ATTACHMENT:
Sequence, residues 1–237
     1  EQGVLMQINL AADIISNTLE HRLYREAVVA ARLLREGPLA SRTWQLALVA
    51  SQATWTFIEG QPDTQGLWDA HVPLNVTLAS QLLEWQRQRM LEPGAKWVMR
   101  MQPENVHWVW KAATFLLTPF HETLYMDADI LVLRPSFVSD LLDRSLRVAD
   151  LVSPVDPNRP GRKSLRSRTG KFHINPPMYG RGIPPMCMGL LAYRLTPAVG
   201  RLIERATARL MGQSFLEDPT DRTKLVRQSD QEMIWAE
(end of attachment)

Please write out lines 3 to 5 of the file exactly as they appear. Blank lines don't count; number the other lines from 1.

    51  SQATWTFIEG QPDTQGLWDA HVPLNVTLAS QLLEWQRQRM LEPGAKWVMR
   101  MQPENVHWVW KAATFLLTPF HETLYMDADI LVLRPSFVSD LLDRSLRVAD
   151  LVSPVDPNRP GRKSLRSRTG KFHINPPMYG RGIPPMCMGL LAYRLTPAVG